Luke 10:3-4

“Go your way;¬†behold, I am sending you out as lambs in the midst of wolves. Carry no moneybag, no knapsack, no sandals, and¬†greet no one on the road.”

One thing most backpackers have to concede – we’re gear junkies. We can’t imagine going on the (road) trail without a few of our favorite things. There’s nothing wrong with that. It’s fun to peruse the latest and greatest gear sites and catalogs, dreaming of how much better our next trip would be IF ONLY we had that piece of gear we’ve been drooling over. With that thought in mind I thought I might suggest a few things (based on my experiences) to might make your Christmas shopping (or catalog browsing) season brighter.

Backpacks

I have carried Granite gear packs for quite few years now. The company has a wonderful reputation and makes a darn comfortable piece of kit in the AC 60.

Granite Gear AC60

Granite Gear AC60

While I still highly recommend their packs for the lightweight crowd, I have most recently become a convert to ULA Equipment. I became the proud owner of a ULA Ohm 2.0, and can honestly say that it instantly became my favorite pack.

ULA Ohm 2.0

ULA Ohm 2.0

The Ohm 2.0 weighs in at half of what my AC 60 did, and is great if you are the type who has his or her gear kit dialed in. If you are looking for a lighter alternative to your current pack I recommend giving ULA a look.

Shelter

I am a long time tarp user, and for years one of my favorites was the FlatTarp3 by Oware . Dave Olson has a reputation for making quality tarps, and it really shows in the details.

Oware FlatTarp 3

Oware FlatTarp 3

Since becoming a bonafide hammock hanger my choice has changed. I am a huge fan of the Hammock Gear Standard Cuben Tarp w/ Doors .

Hammock Gear Cuben Tarp with Doors

Hammock Gear Cuben Tarp with Doors

You’ll hear me gush whenever I mention Hammock Gear, and rightfully so. They’re quality and customer service is second to none.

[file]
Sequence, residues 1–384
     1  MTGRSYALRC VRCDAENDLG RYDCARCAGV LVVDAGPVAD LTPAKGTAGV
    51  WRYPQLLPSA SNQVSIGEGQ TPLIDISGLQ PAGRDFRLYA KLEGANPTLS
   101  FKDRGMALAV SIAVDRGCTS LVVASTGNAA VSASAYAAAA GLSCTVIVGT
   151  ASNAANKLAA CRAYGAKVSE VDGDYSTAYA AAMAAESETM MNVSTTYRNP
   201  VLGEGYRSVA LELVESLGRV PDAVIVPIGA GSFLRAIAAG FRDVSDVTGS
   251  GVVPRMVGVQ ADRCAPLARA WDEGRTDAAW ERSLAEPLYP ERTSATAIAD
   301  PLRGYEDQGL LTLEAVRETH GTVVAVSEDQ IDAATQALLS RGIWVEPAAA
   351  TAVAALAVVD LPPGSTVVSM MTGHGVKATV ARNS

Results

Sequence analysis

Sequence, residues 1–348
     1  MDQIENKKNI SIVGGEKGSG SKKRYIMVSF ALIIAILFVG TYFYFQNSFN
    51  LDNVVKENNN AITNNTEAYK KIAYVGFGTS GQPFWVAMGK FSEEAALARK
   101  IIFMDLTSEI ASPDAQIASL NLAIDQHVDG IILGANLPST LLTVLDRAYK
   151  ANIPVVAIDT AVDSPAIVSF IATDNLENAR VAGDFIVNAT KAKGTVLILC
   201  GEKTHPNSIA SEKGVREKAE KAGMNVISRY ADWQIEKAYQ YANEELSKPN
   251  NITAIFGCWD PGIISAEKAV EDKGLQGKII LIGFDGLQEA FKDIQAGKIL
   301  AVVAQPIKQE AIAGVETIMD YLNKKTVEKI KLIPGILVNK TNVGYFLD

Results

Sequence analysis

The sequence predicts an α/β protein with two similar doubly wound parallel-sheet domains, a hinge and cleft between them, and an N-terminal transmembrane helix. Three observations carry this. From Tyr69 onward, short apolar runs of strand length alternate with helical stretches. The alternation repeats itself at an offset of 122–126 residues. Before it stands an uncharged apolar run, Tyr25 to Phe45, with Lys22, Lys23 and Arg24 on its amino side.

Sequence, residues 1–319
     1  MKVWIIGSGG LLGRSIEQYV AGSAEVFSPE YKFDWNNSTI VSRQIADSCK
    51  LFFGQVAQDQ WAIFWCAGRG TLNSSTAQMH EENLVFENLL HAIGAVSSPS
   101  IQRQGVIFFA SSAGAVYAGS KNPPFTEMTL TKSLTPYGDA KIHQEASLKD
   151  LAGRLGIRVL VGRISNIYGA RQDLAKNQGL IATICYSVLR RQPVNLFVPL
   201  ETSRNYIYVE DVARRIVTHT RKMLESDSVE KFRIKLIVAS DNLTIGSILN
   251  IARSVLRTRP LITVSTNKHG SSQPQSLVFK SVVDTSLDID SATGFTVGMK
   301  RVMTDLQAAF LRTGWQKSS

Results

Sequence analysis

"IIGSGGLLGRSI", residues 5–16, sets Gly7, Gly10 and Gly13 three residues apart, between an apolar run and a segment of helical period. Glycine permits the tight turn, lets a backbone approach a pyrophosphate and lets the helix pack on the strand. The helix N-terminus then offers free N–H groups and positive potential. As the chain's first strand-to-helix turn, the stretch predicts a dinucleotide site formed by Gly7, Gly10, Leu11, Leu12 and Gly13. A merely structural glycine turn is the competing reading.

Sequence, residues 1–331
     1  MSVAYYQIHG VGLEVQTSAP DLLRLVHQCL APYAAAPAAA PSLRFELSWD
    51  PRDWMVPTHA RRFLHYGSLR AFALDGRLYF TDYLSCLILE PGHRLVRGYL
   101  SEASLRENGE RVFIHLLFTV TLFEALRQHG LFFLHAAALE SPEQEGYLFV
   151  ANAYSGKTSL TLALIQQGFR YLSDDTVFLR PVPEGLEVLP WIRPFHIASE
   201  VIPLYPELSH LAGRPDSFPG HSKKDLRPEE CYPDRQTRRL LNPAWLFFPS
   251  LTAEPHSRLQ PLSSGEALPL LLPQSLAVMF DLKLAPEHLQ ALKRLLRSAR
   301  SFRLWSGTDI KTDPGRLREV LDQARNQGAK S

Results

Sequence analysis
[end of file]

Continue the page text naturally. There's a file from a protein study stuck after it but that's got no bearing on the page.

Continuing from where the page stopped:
Hammock

If you are in the market for a hammock, in my honest opinion there is no better brand than Warbonnet. I currently use a Warbonnet Traveler , and their Blackbird is legendary among hangers for comfort, quality, and resale value.

Relaxing in my Warbonnet Traveler

Relaxing in my Warbonnet Traveler

Sleeping Gear

There is nothing more important to me than a good nights sleep on the trail, and for years I have sung the praises of Mountain Hardwear Phantom series sleeping bags. I owned a Phantom 15 and a Phantom 45, and I considered these my most essential pieces of gear for years.

Mountain Hardwear Phantom 15

Mountain Hardwear Phantom 15

Lately I have said good bye to my old friends and converted to the Hammock Gear Burrow line of top quilts. Now I get top of the line quality in an even lighter package.

Hammock Gear Burrow 20

Hammock Gear Burrow 20

My Burrow 20  comes in at 17.1 ounces Рhalf of what my Phantom 15 weighed. Combined with my Hammock Gear Incubator 20 under quilt my whole insulation package comes in at the same weight as my old sleeping bag alone!

Cookware

I’ve owned more than my fair share of cookware – titanium, aluminum and stainless. Of all my cookware the piece that gets the most use is my Evernew Titanium 550 ml cookpot.

Boiling water for breakfast

Evernew 550 ml pot

This pot weighs in at 3 ounces even, including lid and stuffsack, and has the capacity I need for most freeze dried meals. On top of that it’s the perfect size to use as a mug.

Clothing

I never (NEVER) go on a hike without my Black Rock Gear Down Beenie .

Black Rock Gear Down Beenie

Black Rock Gear Down Beenie

There’s just no reason to leave it home! My BRG Down Beenie provides incredible warmth, whether in camp lounging or settling in for a night in the hammock, and weighs in at a scant 9/10’s of an ounce. Unfortunately the only thing it can’t do is make me look cool.

Another must have for me is my Smartwool Socks.

Smartwool socks

Smartwool socks

 

You’d think merlino wool would be a problem in the summer, but not these socks. My feet are cool in the summer, warm in the winter, and comfortable anytime I wear them. I have a few pair of Adrenelines from 8-10 years ago that are still wearing like iron. Smartwool socks are a little pricey up front, but you’ll get your money’s worth out of them.

‘Tis the season and Black Friday’s a comin’, so why not treat yourself to some of those goodies you’ve been drooling over? What’s on your wishlist?

New Goodies

Luke 11:9-10

‚ÄúSo I say to you, ask, and it will be given to you; seek, and you will find; knock, and it will be opened to you. For everyone who asks receives, and he who seeks finds, and to him who knocks it will be opened.”

Ok, so I now I’m taking this verse waaaay out of context, but I just wanted to post my latest new toy. I did ask ULA Equipment to build me an Ohm 2.0 in Digicam, and when I got home from vacation today I did seek out the package on my counter. And when I opened the box this is what I found:

ULA Equipment Ohm 2.0 in digicam fabric

ULA Equipment Ohm 2.0 in digicam fabric

I went for the digicam cordura because I wanted something low impact and different. One lousy little picture certainly won’t do the pack justice, but in a week and a half I’m going to give it a complete work out for four days in the Adirondacks. Judging by what I see so far, I’m sure I’ll have some great things to say.